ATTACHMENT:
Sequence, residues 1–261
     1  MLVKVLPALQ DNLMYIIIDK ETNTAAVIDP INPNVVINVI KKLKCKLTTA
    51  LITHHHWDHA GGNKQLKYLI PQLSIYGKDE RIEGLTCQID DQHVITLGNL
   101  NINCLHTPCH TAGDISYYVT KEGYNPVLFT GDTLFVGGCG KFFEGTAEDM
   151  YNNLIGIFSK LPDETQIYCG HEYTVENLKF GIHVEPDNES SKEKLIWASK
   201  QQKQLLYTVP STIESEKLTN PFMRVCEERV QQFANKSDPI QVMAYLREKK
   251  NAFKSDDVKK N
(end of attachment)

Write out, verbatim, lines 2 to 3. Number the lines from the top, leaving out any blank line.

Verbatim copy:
     1  MLVKVLPALQ DNLMYIIIDK ETNTAAVIDP INPNVVINVI KKLKCKLTTA
    51  LITHHHWDHA GGNKQLKYLI PQLSIYGKDE RIEGLTCQID DQHVITLGNL